The government failed to extend adequate protection in the regions because of an imminent and serious national security situation. Even any damage private investors have faced could not be attributed to the government as it was caused by a general condition of internal war rather than a state’s direct omission or action.
This is especially true in administrative contracts, where the authority has a prerogative right. As rules, they are meant to provide for some prerogatives that administrative authorities exercise over the private contracting party. Administrative contract provisions are, therefore, designed to enable contracting administrative bodies to exercise certain preferences, which enable them to properly maintain the smooth functioning of the public service. Such prerogatives are intended to give heavier weight to public interest vis-à-vis private interest so that the administrative bodies should guarantee the dispensation of public service without disruption.
Where circumstances that could not be foreseen on the contract upset the balance of the contract, the party contracting with the administrative authorities shall perform its obligations where such performance remains materially possible. An unforeseen event is defined as one where the parties could not reasonably envisage it on the making of the contract, where an event shall not be deemed to be unforeseeable where it is due to the act of the person that avails themselves and where the fact that an event has unforeseen consequences or an unforeseeable extension of events which had already happened on the making of the contract.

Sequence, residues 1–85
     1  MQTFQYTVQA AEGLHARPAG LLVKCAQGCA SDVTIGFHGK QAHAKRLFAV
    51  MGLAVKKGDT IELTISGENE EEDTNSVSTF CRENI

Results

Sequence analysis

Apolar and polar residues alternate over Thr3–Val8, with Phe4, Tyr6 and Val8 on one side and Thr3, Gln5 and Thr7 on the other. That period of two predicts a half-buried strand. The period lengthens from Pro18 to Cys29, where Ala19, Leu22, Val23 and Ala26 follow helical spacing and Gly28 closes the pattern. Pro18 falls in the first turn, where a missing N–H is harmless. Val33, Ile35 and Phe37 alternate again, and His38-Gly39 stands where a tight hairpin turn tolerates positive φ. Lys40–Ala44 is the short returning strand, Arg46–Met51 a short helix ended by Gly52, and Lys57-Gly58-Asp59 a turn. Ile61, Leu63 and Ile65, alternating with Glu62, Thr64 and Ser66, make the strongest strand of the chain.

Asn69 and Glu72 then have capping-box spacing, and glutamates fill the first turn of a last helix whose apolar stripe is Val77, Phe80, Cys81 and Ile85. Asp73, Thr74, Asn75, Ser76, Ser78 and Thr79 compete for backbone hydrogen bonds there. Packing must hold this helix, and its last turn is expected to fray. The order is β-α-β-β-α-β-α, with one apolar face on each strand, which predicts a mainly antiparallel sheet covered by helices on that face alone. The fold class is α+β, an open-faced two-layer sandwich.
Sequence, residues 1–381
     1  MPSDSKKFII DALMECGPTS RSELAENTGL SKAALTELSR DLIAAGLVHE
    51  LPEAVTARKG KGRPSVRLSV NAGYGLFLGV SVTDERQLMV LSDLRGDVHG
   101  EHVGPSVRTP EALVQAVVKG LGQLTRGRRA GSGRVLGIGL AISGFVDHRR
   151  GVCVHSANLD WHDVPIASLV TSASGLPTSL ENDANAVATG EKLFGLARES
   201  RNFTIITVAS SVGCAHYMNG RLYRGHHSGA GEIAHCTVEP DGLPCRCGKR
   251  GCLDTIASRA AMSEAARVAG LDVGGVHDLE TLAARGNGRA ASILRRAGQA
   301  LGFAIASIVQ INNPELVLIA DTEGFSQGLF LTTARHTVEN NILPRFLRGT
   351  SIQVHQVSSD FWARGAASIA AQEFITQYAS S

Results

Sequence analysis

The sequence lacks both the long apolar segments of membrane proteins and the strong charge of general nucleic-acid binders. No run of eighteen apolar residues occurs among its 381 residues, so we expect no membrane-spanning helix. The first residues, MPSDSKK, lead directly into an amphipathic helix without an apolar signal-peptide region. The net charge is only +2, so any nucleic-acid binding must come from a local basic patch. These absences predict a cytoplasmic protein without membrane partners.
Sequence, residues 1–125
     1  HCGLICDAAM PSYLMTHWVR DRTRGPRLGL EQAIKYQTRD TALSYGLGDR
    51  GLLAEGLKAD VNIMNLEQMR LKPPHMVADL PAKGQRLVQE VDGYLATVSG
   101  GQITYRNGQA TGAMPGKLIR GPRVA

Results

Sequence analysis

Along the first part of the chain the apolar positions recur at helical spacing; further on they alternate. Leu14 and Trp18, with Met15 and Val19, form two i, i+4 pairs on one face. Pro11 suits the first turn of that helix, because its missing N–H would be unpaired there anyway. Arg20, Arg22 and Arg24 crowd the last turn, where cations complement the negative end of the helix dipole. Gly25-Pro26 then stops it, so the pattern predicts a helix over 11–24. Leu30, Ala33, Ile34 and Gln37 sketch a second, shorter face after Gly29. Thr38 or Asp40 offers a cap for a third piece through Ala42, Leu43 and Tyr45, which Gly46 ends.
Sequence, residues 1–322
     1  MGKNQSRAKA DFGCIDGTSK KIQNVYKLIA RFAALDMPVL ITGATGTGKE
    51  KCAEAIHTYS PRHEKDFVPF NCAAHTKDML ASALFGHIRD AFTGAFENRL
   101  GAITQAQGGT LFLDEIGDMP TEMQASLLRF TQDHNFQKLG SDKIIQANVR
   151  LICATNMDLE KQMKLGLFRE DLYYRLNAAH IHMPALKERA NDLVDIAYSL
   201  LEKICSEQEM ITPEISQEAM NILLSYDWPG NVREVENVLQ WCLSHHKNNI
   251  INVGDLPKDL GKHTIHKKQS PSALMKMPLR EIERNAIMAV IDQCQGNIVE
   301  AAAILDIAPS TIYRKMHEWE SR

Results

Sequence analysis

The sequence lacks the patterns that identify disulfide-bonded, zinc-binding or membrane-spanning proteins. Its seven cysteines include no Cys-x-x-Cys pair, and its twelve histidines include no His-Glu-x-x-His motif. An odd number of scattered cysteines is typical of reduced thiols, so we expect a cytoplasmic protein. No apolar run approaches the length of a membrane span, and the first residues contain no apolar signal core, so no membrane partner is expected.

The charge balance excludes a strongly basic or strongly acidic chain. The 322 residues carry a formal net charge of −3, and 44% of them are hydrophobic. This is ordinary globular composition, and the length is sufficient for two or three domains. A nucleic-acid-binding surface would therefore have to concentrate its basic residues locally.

In such cases, a person contracted with administrative authority shall require the administrative authorities to assist them in overcoming the supervening difficulties by sharing in the loss arising from such circumstance. This implies that if the Government has undertaken to prevent the particular situation arising or has otherwise assumed that risk, force majeure does not excuse non-performance.
Most administrative contracts concluded here between the government and foreign investors are governed by Ethiopian law. It is highly likely that the allegation of private investors to exonerate themselves from liability by citing force majeure clause would be rejected.
PUBLISHED ON Jan 01,2022 [ VOL 22 , NO 1131]